Cirsium clavatum var. americanum
Sida 21: 211. 2004.
Abaxial leaf faces ± tomentose. Involucres ovoid to campanulate, 1.5–3 × 1.5–3 cm, glabrous or thinly arachnoid-tomentose with fine, non-septate trichomes. Phyllaries in 5–6 series, strongly imbricate to subequal, green or with maroon to dark-brown subapical patch or appendage, linear to ovate, abaxial faces with narrow glutinous ridge; outer and middle bases appressed, apical appendages erect or ascending, linear-lanceolate to obovate, entire or more commonly dilated, scarious, and erose-toothed to fringed, acicular-acuminate to broadly obtuse, spines erect or ascending, 1–6 mm, often flattened; apices of inner sometimes flexuous or reflexed, narrow, flat, and entire or more commonly ± expanded, scarious, and lacerate-dentate. 2n = 34, 36 (as C. centaureae).
Phenology: Flowering summer (Jun–Sep).
Habitat: Oak scrub, sagebrush scrub, grasslands, juniper-pine woodlands, aspen groves, openings in montane coniferous forests
Elevation: 2100–3100 m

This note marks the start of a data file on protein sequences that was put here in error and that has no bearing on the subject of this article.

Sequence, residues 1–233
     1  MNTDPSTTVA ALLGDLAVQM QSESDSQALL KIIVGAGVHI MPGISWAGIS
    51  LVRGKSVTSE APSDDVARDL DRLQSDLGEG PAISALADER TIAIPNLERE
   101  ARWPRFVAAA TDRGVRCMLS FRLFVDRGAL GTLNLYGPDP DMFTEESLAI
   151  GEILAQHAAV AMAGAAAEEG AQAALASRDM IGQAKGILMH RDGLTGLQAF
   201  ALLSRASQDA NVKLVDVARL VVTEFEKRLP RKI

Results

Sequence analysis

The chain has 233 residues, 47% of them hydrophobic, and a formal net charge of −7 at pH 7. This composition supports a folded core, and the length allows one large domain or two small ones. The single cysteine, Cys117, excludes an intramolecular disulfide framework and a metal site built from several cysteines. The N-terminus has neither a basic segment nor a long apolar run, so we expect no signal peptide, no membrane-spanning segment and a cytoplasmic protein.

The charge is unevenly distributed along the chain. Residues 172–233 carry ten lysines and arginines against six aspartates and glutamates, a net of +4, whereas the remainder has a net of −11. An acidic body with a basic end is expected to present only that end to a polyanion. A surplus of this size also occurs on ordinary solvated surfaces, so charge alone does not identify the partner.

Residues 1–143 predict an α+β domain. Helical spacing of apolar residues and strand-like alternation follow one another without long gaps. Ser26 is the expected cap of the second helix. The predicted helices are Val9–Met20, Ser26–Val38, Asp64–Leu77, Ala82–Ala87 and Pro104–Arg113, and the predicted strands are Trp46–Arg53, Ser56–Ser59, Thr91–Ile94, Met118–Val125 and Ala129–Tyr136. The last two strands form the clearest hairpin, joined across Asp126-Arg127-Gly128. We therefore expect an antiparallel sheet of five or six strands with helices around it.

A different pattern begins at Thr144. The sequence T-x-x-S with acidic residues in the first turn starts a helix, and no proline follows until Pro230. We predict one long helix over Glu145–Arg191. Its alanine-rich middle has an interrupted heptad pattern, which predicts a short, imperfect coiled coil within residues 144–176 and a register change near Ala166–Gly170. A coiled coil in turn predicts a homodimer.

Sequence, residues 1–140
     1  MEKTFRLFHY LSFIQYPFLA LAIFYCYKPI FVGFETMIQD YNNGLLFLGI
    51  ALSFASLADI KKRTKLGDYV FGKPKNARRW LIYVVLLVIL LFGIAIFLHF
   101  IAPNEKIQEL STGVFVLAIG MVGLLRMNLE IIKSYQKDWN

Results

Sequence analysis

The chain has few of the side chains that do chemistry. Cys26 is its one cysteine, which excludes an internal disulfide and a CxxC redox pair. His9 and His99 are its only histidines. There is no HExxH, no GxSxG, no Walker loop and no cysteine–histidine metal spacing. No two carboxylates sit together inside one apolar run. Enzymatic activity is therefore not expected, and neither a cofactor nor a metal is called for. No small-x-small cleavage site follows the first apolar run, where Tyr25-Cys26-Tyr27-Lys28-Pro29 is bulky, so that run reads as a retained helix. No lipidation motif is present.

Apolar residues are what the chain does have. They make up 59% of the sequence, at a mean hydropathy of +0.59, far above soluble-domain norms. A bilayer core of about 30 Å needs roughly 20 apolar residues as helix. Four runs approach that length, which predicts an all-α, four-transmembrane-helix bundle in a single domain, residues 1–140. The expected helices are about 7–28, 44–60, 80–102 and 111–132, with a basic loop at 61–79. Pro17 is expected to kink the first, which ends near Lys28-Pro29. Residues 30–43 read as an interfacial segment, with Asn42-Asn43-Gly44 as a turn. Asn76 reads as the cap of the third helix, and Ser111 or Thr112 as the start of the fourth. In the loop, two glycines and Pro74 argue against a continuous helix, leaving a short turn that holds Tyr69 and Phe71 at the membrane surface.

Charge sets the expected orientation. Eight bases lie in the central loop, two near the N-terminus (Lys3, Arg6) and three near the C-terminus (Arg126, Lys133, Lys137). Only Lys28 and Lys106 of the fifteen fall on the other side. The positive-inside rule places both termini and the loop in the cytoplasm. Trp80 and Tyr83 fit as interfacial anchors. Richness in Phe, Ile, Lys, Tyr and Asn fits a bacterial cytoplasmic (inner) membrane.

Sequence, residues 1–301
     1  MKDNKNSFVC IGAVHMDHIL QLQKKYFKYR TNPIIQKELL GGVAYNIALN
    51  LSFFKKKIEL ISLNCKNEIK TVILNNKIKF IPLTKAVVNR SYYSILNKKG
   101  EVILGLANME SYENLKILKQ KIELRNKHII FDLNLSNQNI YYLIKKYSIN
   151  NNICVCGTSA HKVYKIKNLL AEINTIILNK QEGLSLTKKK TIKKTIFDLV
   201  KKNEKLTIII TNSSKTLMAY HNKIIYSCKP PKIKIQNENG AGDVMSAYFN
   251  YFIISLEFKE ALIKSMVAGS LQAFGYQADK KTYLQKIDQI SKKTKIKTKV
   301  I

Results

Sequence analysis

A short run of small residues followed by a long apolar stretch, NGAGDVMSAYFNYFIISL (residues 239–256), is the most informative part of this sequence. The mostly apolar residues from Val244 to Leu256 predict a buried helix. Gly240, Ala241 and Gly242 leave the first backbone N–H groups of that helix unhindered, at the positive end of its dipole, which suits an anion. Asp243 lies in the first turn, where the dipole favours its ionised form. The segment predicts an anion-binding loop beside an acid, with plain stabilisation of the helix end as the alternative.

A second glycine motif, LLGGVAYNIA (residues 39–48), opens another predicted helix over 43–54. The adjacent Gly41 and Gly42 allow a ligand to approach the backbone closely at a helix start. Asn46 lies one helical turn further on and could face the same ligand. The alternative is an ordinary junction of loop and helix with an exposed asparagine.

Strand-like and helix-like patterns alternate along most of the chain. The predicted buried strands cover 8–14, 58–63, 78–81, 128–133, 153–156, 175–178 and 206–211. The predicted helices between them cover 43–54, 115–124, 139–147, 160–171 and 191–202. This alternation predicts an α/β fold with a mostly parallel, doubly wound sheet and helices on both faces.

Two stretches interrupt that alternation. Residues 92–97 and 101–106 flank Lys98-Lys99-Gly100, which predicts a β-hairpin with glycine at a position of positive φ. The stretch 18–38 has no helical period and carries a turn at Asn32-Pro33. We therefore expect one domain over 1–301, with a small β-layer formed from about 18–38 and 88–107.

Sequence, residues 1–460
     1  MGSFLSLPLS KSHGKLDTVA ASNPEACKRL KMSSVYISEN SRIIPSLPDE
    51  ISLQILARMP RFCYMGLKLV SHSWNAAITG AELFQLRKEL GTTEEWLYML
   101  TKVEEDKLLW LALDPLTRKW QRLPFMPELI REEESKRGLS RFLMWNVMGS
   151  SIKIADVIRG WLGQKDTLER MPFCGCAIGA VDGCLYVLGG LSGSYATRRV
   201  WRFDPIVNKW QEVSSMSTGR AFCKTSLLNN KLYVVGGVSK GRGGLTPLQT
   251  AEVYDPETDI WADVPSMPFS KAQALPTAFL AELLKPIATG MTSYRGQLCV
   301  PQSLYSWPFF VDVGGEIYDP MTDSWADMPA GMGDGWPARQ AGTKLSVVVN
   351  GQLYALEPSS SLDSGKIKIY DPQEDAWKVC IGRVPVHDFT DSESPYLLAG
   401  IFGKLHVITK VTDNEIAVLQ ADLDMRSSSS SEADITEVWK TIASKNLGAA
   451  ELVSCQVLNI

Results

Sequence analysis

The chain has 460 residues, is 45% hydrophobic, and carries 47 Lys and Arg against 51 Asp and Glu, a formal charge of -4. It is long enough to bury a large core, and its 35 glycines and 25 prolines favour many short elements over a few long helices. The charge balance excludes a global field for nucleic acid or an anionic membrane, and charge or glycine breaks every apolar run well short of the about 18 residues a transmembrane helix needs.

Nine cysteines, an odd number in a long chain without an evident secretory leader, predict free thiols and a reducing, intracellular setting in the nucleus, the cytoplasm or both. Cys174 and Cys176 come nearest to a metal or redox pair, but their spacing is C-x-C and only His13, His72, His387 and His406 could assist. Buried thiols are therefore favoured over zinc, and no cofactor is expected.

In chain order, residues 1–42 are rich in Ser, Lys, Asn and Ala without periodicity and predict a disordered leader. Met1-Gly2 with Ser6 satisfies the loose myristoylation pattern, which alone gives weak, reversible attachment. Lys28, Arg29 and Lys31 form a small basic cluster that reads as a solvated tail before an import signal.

Colo., Utah, Wyo.
Variety americanum is scattered in the Rocky Mountains of south-central Wyoming and Colorado. The varietal epithet americanum was based upon syntypes from both Colorado and California. The latter are referable to Cirsium remotifolium.
Variations in leaf characteristics, head size, and phyllary features combined with a narrow species concept led Osterhout and Rydberg to propose several species and hybrids for what I am treating as one taxon. Variety americanum certainly is polymorphic and in need of further study focused on local and regional variation. It is possible that some of the local variants in Colorado may deserve taxonomic recognition, but I have been unable to detect consistent patterns in the variation. Some specimens from Route and Jackson counties there closely approach var. clavatum. Others from southeastern Wyoming approach Cirsium pulcherrimum var. pulcherrimum and may be hybrids or derivatives of past hybridization.
"fine" is not a number.